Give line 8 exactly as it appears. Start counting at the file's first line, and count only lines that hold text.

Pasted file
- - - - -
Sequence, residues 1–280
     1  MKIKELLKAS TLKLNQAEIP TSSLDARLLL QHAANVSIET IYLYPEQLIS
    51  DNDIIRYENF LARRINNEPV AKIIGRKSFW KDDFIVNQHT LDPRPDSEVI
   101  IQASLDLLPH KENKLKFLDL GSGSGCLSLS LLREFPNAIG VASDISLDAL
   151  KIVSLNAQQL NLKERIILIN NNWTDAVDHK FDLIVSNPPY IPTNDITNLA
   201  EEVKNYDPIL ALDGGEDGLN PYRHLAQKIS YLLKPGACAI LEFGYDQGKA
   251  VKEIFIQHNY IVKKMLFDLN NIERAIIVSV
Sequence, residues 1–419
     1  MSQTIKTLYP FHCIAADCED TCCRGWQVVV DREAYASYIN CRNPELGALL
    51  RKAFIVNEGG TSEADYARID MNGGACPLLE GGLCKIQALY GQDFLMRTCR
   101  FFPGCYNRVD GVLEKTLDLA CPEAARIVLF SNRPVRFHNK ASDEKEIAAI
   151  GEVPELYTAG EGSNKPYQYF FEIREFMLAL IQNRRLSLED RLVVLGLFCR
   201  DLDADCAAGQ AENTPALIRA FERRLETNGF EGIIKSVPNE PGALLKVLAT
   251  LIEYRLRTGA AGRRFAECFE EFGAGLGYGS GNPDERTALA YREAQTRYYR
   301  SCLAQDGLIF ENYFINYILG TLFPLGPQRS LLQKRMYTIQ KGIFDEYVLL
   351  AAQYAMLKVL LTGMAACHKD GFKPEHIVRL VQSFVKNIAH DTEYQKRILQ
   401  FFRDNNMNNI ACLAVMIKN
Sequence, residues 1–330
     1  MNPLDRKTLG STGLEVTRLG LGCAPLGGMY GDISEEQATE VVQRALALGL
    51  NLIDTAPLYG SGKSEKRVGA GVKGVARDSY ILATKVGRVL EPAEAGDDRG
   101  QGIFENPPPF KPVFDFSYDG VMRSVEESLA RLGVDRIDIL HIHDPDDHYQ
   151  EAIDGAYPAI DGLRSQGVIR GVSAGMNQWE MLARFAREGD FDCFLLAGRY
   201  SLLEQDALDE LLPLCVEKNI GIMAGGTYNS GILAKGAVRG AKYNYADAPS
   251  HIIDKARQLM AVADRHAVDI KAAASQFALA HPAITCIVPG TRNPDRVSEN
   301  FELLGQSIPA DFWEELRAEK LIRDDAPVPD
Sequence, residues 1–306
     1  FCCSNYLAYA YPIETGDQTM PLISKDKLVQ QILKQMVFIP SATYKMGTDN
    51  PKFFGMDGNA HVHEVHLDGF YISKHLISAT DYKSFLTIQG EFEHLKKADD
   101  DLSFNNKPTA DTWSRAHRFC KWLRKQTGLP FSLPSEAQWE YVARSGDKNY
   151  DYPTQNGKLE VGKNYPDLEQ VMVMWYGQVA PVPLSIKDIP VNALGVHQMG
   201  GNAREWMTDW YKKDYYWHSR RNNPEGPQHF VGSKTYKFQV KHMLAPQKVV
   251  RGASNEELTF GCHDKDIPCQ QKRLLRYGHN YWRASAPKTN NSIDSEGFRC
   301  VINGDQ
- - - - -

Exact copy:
Sequence, residues 1–419